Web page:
I know several people who have been shot, but only one with a handgun. That Sheriff's Deputy was hit in the chest (pre-vest days) with a .44 magnum, and lived to tell the tale. Granted, the bullet traveled more than 100ft. and through both sides of a mobile home before it hit him, but he didn't mention anything about debilitating pain, only that he wanted to kill the woman that shot him. I'm not saying pain can't help 'stop' the fight sooner, it just seems like the tradeoffs aren't worth it if you can shoot straight and fast.

Vern Humphrey
September 6, 2007, 02:33 PM
Yes, the deformation process absorbs energy for the bullet, just like for tissue.
And given that we all agree that most defensive handgun cartridges (even the vaunted .357 -- which I have used twice for "real") are marginal in the energy department, it follows that if KE is the killer/stopper, any energy used to deform the bullet would render them more marginal.

And hence, under the "energy dump" theory, less effective.

Yet, somehow everybody likes expanding handgun bullets and considers them (in defensive situations) more effective that bullets that don't expand.

fletcher
September 6, 2007, 03:13 PM
Yet, somehow everybody likes expanding handgun bullets and considers them (in defensive situations) more effective that bullets that don't expand.
All I have to go on is gelatin tests, and cavities from JHP handgun rounds are significantly larger than FMJ. I'd prefer massive internal bleeding over two relatively small holes.

Assuming the FMJ goes straight through, if it has any more energy upon exit than it takes to deform the lead, JHP would take the energy lead. JHP also offers the bigger hole internally.

mavracer
September 6, 2007, 03:31 PM
any energy used to deform the bullet would render them more marginal.
which is why bullet construction is important so less energy is used to expand the bullet leaving more energy to transfer to the target.

FerFAL
September 6, 2007, 03:35 PM
Riktoven wrote:
Only the guy on the scene can tell you how long it took his opponent to stop that's true.

The problem that most of us have is that we don't know these people personally, and don't believe random people on the internet who 'debate' with rudeness instead of evidence.

I mean officers involved in over 50 gunfights? BullShnikey, Buenos Aires or not. Anyone involved in 50 gunfights is either a)Unlucky Soldier, b) VERY unlucky cop, c) deranged gunman, d) LYING.

I heard my grandpa give me unlimited crap for buying a 9mm instead of a Colt .45 (which I'd love, but can't afford). He regailed me of its ability to tear limbs off and drop a man in his tracks, and other WWII anecdotes. I don't believe this from my own grandpa, why would anyone believe the anecdotes from a faceless name on their screen?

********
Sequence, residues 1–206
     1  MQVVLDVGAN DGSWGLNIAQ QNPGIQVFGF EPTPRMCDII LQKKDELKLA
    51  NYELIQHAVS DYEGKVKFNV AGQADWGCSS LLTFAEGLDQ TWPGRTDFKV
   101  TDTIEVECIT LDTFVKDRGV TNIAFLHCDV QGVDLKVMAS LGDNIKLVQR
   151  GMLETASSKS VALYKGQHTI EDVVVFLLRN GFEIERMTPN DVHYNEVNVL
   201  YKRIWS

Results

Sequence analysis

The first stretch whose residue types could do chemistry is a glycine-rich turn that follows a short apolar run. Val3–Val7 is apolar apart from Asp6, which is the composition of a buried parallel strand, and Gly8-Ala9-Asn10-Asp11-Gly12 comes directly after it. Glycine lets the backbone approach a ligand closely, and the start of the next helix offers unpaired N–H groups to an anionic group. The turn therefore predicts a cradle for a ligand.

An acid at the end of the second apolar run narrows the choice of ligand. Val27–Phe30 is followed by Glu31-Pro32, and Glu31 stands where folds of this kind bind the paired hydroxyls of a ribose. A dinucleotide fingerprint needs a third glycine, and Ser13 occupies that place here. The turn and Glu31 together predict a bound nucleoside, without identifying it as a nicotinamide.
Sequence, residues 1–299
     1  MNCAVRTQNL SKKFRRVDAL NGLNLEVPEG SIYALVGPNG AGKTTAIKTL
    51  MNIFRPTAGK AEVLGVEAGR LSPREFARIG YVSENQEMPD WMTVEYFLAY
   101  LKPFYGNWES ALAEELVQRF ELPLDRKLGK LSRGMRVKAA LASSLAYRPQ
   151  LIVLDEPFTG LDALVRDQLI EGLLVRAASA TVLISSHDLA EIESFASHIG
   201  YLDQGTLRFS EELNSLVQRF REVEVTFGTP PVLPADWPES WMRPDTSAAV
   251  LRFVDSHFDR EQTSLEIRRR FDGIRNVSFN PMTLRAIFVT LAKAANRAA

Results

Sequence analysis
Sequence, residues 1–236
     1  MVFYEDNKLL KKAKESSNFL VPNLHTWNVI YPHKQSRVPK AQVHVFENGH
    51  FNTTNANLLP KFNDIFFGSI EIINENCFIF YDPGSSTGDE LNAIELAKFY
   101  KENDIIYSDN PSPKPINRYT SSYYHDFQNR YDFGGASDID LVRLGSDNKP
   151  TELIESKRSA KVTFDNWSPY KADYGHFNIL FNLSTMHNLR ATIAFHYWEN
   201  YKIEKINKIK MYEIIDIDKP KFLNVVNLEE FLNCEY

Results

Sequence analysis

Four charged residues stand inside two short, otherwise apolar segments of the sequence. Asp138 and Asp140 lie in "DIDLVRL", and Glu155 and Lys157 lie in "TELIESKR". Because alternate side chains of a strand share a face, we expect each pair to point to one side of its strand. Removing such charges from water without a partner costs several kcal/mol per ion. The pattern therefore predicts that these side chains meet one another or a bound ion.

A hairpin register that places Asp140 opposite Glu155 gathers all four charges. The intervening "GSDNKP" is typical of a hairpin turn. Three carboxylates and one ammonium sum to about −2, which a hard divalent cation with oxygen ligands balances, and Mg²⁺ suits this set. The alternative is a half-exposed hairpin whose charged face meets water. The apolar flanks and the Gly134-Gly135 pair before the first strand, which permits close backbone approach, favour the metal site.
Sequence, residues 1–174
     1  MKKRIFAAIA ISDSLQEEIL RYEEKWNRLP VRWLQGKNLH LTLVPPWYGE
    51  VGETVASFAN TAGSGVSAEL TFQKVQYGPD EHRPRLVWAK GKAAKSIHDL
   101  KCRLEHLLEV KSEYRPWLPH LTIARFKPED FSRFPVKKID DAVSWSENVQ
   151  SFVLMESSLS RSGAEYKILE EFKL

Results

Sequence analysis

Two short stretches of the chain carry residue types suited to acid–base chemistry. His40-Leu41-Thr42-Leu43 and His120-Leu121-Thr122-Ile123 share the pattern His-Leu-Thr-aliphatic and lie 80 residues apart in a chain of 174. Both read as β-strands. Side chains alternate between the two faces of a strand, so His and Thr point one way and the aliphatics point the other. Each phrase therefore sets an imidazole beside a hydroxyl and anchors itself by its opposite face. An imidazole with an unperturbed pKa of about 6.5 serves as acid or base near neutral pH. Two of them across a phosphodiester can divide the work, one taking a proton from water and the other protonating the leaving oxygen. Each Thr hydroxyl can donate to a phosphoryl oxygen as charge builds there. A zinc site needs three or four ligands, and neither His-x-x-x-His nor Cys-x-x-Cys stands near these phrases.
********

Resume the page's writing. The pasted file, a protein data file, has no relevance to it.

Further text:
You can go to Gabe Suarez’s forum and ask him yourself if you don’t believe me ( I suppose you wouldn’t believe him either), I just happen to know the guy he’s talked about. Besides, being in 50 shootings is not a big deal when you consider the high crime we have here and that officers serve for over 30 years. Not a big deal at all, at least not around here OR in any 3rd world country with high crime. Rio de Janeiro? Cops in the favelas there get into gunfights all the time.
For the average cop here in some of the roughest places, shooting are something common, sometimes worse sometimes just a couple of round being fired. On occasions a lot of lead is fired over 70 rounds, and you don’t even hear about it in the news.
Here’s an interview, made in 2002, where Amadeo D'Angelo, then head of the “Bonaerense” police, the police of the suburbs of Bs. As., not the capital district, clearly confirms that the Bonaerense force engaged in 2.500 shootings with criminals the year before (2.500 shooting in 2001, just in Bs. As.). Keep in mind that those are the ones they accept participating in, file reports , etc.
http://www.clarin.com/diario/2002/04/02/s-03815.htm
Do the math, yourself: about 2.500 shooting a year x 30 years of service. How many of those shooting do you think you’ll be able to avoid considering that they all occur in Bs. As. ?
Grow up, travel more, and LEARN more before you call BS and calling me a liar…
Oh, I forgot, you don’t believe your “grandpa”….:rolleyes:

FerFAL

Vern Humphrey
September 6, 2007, 03:39 PM
All I have to go on is gelatin tests, and cavities from JHP handgun rounds are significantly larger than FMJ. I'd prefer massive internal bleeding over two relatively small holes.
Which is my point -- it's the hole that kills. The wider and deeper the hole, the better it does it's job.